“The historical records suggest that Haldane calculated the first Bayes factor, perhaps almost by accident, before Jeffreys did.” A. Etz and E.J. Wagenmakers

As another interesting aside, the historical account points out that Jeffreys came out in 1931 with what is now called Haldane’s prior for a Binomial proportion, proposed in 1931 (when the paper was read) and in 1932 (when the paper was published in the *Mathematical Proceedings of the Cambridge Philosophical Society)* by Haldane. The problem tackled by Haldane is again a significance on a Binomial probability. Contrary to the authors, I find the original (quoted) text quite clear, with a prior split before a uniform on [0,½] and a point mass at ½. Haldane uses a posterior odd [of 34.7] to compare both hypotheses but… I see no trace in the quoted material that he ends up using the Bayes factor as such, that is as his decision rule. (I acknowledge *decision rule* is anachronistic in this setting.) On the side, Haldane also implements model averaging. Hence my reading of this reading of the 1930’s literature is that it remains unclear that Haldane perceived the Bayes factor as a Bayesian [another anachronism] inference tool, upon which [and only which] significance tests could be conducted. That Haldane had a remarkably modern view of splitting the prior according to two orthogonal measures and of correctly deriving the posterior odds is quite clear. With the very neat trick of removing the infinite integral at p=0, an issue that Jeffreys was fighting with at the same time. In conclusion, I would thus rephrase the major finding of this paper as Haldane should get the priority in deriving the Bayesian significance test for point null hypotheses, rather than in deriving the Bayes factor. But this may be my biased views of Bayes factors speaking there…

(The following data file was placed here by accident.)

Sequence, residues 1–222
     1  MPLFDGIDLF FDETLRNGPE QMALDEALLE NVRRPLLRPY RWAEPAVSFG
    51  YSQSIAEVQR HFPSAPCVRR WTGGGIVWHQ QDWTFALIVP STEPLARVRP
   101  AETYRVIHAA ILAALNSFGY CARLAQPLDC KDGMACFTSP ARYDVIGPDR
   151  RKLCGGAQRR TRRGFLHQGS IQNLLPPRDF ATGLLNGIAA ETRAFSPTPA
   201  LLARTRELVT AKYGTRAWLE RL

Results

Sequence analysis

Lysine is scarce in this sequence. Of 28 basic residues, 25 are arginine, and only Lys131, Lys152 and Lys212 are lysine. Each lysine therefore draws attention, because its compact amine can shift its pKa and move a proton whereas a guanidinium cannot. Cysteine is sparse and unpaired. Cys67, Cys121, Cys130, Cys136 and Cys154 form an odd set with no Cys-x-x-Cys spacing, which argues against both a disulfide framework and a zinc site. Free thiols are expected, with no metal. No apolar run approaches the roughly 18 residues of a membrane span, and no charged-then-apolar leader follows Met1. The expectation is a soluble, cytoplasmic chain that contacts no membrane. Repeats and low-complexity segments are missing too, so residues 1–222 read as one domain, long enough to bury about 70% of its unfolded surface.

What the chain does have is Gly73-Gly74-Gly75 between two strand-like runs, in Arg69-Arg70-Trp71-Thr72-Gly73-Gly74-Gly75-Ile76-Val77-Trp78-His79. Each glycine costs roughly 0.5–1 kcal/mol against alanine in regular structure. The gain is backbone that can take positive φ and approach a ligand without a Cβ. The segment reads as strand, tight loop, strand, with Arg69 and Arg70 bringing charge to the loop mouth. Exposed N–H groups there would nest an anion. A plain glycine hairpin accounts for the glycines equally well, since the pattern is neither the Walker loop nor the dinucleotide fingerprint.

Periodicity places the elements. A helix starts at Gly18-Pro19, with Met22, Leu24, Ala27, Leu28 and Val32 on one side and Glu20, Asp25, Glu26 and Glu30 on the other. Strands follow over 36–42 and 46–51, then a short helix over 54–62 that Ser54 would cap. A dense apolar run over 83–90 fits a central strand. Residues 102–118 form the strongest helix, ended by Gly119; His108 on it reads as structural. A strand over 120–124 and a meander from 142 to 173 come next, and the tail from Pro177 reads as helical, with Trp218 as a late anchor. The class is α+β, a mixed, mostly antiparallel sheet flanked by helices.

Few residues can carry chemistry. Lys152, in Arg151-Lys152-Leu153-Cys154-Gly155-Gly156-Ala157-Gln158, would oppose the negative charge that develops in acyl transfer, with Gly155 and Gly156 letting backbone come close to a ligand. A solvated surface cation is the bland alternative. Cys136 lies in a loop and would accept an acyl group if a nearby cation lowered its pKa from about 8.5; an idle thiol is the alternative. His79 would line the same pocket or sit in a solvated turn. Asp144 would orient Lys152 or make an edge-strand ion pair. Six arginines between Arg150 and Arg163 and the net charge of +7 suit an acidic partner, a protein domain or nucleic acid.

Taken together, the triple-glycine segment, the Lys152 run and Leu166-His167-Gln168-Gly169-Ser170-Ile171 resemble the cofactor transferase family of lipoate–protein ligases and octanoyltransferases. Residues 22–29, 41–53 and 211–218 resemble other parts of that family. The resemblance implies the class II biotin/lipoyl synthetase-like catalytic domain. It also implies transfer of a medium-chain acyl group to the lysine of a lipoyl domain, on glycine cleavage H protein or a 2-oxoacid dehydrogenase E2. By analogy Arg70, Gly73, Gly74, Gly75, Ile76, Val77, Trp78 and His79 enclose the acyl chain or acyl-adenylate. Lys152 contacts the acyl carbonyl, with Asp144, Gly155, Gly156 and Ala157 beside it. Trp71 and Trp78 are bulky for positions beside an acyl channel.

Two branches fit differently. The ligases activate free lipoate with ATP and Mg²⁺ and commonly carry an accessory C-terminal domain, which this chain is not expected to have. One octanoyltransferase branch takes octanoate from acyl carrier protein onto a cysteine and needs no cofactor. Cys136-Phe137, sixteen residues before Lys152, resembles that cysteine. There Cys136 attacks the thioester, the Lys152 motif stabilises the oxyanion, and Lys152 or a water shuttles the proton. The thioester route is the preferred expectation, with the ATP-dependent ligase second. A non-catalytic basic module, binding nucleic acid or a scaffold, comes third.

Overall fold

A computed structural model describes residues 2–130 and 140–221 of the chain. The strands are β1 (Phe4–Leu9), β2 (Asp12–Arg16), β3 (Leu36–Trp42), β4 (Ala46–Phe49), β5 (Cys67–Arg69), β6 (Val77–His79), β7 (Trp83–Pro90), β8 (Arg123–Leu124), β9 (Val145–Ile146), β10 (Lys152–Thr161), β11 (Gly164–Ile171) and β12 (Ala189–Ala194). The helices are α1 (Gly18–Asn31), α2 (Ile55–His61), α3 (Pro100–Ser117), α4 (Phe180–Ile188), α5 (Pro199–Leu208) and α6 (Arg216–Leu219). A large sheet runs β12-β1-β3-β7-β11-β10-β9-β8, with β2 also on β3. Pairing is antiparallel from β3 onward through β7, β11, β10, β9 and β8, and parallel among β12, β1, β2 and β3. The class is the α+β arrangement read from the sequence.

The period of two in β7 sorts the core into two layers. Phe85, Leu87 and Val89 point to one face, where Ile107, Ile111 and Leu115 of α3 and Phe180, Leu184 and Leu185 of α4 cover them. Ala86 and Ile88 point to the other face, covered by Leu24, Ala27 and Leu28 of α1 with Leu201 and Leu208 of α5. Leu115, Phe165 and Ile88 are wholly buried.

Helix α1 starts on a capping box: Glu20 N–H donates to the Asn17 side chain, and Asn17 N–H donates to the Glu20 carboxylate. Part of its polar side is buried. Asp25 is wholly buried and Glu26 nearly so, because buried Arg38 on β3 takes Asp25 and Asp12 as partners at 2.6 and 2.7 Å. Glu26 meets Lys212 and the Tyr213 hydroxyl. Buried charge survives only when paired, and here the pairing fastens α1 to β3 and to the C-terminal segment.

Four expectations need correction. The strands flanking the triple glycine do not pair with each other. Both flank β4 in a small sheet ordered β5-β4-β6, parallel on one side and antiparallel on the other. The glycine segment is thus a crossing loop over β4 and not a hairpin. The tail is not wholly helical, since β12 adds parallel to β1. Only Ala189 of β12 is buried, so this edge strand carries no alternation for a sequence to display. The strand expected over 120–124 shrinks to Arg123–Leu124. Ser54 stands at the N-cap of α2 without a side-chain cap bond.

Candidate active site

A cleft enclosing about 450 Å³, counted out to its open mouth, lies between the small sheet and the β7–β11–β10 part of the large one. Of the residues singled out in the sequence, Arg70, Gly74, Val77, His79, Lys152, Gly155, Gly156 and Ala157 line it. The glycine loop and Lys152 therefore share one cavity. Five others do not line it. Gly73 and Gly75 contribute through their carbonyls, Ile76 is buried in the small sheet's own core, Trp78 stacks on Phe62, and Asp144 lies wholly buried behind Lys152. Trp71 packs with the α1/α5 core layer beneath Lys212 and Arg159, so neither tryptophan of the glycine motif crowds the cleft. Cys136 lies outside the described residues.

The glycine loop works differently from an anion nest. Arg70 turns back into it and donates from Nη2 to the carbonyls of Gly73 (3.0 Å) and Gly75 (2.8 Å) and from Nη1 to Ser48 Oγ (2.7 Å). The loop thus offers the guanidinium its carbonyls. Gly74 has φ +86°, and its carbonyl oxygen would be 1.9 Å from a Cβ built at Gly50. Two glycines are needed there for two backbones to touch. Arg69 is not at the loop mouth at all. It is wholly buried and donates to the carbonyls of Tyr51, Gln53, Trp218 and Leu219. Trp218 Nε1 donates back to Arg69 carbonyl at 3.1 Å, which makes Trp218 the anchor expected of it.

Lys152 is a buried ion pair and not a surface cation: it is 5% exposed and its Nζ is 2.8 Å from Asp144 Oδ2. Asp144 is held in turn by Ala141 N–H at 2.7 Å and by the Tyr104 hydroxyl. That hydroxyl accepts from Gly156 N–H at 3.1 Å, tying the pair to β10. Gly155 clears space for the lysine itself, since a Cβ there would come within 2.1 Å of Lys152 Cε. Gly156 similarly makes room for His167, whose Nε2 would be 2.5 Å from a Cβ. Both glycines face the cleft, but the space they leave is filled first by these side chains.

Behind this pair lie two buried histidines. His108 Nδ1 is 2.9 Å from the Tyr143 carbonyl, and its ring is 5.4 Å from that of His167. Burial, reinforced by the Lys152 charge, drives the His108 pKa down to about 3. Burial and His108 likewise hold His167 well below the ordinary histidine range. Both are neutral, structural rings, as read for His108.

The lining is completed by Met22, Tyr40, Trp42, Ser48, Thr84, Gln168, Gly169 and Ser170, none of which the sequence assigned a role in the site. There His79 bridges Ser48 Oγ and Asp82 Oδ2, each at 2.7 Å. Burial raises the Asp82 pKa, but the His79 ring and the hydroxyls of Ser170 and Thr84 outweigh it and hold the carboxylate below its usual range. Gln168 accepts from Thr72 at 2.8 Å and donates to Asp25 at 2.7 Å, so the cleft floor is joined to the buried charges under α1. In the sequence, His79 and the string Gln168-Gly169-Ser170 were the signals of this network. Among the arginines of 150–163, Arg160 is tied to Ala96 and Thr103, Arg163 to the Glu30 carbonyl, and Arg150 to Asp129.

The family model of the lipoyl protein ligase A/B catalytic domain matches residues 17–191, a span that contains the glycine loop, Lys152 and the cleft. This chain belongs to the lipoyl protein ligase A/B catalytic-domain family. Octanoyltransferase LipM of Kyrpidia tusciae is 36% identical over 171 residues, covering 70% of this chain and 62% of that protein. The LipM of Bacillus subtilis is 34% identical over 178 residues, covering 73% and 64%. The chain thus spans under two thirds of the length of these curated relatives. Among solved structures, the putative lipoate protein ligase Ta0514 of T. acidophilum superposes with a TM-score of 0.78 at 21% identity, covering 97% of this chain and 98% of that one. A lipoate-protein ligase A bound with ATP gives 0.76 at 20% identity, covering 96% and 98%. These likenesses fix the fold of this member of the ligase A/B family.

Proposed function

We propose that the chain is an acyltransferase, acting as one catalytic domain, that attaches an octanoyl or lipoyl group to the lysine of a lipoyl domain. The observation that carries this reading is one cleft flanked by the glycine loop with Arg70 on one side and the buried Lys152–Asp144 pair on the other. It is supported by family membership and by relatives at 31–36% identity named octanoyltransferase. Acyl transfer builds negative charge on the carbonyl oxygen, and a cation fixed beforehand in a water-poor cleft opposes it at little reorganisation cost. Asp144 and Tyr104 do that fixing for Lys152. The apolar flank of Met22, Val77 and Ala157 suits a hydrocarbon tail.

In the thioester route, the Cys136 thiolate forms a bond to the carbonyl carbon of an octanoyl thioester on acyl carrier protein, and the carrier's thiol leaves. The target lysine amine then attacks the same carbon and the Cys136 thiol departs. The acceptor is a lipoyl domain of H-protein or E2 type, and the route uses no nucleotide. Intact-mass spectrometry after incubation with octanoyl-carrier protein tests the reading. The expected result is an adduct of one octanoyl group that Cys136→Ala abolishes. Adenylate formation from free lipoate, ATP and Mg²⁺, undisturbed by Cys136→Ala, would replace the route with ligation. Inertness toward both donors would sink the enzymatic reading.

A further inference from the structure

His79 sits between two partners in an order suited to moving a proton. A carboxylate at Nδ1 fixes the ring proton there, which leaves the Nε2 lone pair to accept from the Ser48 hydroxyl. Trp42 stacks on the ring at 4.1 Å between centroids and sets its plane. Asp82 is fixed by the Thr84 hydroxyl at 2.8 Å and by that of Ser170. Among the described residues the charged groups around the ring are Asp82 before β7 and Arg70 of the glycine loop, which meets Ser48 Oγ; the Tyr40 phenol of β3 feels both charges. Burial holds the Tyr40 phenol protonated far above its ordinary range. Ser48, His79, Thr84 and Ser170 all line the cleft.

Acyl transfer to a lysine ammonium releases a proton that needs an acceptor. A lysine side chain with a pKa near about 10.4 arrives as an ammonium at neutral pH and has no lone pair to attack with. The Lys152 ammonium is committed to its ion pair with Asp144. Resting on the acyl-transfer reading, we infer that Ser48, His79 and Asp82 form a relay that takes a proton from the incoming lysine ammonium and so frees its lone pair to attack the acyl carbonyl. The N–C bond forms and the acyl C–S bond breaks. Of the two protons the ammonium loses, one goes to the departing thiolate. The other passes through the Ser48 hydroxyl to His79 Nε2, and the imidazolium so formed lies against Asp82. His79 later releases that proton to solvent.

Another amazing fact I gathered from the historical work of Etz and Wagenmakers is that Haldane and Jeffreys were geographically very close while working on the same problem and hence should have known and referenced their respective works. Which did not happen.

## approximation of improper by vague priors

Posted in Statistics, University life with tags Haar measure, Haldane's prior, John Burdon Sanderson Haldane, Lebesgue measure on November 18, 2013 by xi'an

“…many authors prefer to replace these improper priors by vague priors, i.e. probability measures that aim to represent very few knowledge on the parameter.”